Residents of the Chinese city of Xi’an are straining under a severe coronavirus lockdown, with some complaining about difficulty finding food, despite assurances from the authorities that they are able to provide necessities for the 13 million people who are largely confined to their homes.
Strict measures to curb outbreaks are common in China, which still maintains a policy of eradicating all cases of COVID-19 long after many other countries have chosen to try to live with the virus. But the shutdown imposed on December 23 in Xi’an is one of the toughest in the country since a shutdown in 2020 in and around Wuhan, after coronavirus was first discovered there.
On Tuesday, authorities announced that another city, Yuzhou in Henan Province, was put under lockdown over the weekend after the discovery of just three asymptomatic cases.
The Chinese have largely complied with the harsh measures throughout the pandemic, but complaints have surfaced about harsh policies despite the risk of retaliation from communist authorities. However, the Xi’an lockdown comes at a particularly sensitive time as China prepares to host the Winter Olympics in Beijing, which opens on February 4, and is therefore under particularly intense pressure to curb this outbreak.
“Can not leave the building and it is becoming more and more difficult to buy food online,” said a resident of Xi’an, who wrote on the social media platform Weibo under the name Mu Qingyuani Sayno. The post was from a verified account, but the person did not respond to a request for further comment.
Zhang Canyou, an expert from the State Department’s epidemic prevention and control team, admitted that “there may be supply pressures in local communities.”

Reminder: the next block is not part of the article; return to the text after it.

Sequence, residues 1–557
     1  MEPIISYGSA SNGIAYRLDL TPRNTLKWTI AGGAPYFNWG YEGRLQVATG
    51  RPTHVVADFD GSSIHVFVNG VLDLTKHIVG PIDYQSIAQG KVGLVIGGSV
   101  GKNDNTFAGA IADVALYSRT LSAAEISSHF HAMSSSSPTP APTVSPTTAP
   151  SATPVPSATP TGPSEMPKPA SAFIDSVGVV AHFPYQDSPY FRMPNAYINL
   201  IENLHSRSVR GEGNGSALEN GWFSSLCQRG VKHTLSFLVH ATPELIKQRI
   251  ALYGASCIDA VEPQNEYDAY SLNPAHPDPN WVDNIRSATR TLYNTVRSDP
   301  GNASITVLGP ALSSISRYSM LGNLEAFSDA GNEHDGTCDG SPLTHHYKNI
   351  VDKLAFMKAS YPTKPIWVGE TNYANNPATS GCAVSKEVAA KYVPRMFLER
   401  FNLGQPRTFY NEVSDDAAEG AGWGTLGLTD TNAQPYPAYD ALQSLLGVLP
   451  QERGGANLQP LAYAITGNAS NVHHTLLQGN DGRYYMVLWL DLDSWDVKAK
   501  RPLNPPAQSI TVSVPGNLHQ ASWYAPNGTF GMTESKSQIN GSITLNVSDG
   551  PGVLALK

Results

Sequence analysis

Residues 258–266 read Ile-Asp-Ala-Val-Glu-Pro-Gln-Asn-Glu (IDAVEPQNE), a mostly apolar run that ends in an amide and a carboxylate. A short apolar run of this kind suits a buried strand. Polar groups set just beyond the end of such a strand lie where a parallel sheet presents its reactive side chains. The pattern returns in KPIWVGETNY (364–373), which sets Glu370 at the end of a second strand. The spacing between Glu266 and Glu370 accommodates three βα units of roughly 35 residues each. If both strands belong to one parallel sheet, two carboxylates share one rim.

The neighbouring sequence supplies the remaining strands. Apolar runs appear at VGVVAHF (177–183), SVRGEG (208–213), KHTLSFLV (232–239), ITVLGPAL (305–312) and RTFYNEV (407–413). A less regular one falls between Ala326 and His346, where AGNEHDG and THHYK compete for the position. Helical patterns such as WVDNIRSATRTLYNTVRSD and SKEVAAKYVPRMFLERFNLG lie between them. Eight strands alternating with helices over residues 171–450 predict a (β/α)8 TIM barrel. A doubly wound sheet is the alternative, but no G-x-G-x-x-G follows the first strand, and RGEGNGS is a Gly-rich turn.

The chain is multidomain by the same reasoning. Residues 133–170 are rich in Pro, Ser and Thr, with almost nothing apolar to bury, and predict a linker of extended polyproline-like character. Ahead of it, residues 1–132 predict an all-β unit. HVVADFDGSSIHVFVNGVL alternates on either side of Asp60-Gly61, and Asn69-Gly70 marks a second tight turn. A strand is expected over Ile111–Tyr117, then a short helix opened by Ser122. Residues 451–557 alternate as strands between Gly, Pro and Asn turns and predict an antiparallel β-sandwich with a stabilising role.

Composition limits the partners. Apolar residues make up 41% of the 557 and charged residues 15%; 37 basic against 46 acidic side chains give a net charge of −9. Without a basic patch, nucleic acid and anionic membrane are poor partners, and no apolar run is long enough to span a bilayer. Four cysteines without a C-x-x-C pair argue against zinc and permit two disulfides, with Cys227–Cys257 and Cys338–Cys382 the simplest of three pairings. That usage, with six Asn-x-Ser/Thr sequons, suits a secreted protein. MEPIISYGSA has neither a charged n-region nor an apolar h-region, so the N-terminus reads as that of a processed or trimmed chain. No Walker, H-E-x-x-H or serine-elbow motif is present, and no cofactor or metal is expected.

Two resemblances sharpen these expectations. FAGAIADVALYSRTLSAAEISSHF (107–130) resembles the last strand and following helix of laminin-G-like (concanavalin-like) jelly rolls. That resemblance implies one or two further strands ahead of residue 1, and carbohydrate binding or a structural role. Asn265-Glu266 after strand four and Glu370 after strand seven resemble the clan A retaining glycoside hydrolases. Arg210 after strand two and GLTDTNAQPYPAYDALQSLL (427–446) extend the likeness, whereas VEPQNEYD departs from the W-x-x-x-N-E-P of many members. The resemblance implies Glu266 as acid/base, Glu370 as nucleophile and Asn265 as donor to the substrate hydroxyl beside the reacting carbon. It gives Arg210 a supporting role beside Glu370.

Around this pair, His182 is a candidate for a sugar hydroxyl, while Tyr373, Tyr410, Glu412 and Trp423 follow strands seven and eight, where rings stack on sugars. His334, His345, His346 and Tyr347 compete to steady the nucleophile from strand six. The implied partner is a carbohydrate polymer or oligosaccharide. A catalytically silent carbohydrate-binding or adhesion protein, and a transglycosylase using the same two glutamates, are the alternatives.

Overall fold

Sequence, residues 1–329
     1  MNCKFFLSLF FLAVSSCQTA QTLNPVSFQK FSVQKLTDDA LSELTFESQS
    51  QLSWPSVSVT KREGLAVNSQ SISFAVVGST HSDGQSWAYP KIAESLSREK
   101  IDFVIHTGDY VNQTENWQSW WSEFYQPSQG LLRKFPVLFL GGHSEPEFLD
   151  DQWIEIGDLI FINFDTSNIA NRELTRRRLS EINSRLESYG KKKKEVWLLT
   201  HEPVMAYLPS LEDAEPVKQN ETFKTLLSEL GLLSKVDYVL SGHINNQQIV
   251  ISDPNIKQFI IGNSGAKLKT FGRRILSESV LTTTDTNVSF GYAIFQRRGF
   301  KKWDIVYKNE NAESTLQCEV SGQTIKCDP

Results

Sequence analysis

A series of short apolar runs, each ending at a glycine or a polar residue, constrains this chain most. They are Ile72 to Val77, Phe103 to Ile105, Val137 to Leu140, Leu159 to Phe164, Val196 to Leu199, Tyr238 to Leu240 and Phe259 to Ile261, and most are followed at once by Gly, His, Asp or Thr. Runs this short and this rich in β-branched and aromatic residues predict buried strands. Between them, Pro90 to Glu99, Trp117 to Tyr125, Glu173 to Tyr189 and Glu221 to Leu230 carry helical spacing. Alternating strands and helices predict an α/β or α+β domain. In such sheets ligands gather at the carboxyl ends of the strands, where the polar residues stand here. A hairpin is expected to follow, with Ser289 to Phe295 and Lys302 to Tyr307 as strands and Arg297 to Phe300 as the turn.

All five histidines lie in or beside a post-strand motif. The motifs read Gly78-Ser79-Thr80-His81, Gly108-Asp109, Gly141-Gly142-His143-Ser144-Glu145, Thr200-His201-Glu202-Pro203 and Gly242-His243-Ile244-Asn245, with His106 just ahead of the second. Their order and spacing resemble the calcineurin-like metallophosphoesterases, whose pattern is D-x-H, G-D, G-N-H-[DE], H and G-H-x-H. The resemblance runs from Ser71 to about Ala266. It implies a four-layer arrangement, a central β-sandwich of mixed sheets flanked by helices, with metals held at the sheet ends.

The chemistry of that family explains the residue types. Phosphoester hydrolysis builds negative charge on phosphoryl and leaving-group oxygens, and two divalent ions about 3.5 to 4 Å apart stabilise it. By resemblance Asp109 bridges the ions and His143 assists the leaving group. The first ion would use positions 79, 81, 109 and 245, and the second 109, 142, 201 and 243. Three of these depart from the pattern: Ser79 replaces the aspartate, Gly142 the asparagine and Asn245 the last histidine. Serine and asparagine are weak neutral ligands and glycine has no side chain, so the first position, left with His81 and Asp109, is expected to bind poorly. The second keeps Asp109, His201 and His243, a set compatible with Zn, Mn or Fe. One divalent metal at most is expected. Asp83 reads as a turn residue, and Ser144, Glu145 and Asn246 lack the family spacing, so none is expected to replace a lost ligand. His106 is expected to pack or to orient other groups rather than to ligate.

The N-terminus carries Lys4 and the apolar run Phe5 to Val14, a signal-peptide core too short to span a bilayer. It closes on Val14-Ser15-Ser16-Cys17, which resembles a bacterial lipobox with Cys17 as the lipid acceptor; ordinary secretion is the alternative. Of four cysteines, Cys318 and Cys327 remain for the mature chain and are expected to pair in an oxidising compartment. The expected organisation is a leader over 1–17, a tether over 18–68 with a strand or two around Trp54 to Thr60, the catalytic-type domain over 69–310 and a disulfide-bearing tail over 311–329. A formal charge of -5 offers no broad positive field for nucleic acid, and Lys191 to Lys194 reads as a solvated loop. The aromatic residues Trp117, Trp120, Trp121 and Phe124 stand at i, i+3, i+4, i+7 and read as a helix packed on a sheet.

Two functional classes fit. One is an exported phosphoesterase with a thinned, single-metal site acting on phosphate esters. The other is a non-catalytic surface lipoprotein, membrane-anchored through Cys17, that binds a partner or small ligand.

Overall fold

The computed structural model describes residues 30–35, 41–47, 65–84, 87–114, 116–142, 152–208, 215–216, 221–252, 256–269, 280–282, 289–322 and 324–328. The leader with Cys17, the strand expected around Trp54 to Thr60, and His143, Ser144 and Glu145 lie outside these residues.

But he was quoted by the official Xinhua news agency as saying, “The government will go to great lengths to coordinate resources to provide people with daily necessities and medical services.”
The blockade in Xi’an originally allowed people to leave the house every other day to buy basic goods, but it has since been tightened, although the rules vary according to the severity of the outbreak in each district. Some people are not allowed to go out at all and must have goods delivered to them. People can only leave the city with special permission.
In recent days, people in Xi’an have been seen shopping in pop-up markets, served by workers in white protective suits from head to toe. Community volunteers also visited people’s homes to ask what they needed.
Still, the strain is starting to show, with residents increasingly complaining to Weibo that they are unable to buy necessities. In a very shared video, one could see guards attacking a man who had tried to deliver steamed buns to family members. The guards later apologized to the man and were each fined 200 yuan ($ 31), according to a statement from Xi’an police on Weibo.
In an online diary on the popular Weixin website, a Xi’an-based writer said that after an initial wave of panic buying and the closing of markets, residents quickly began searching for food online.
“In this time of material surplus, where everyone is trying to lose weight, it has suddenly become a difficult task to find enough to eat,” Jiang Xue wrote. A message sent to the account was not immediately returned.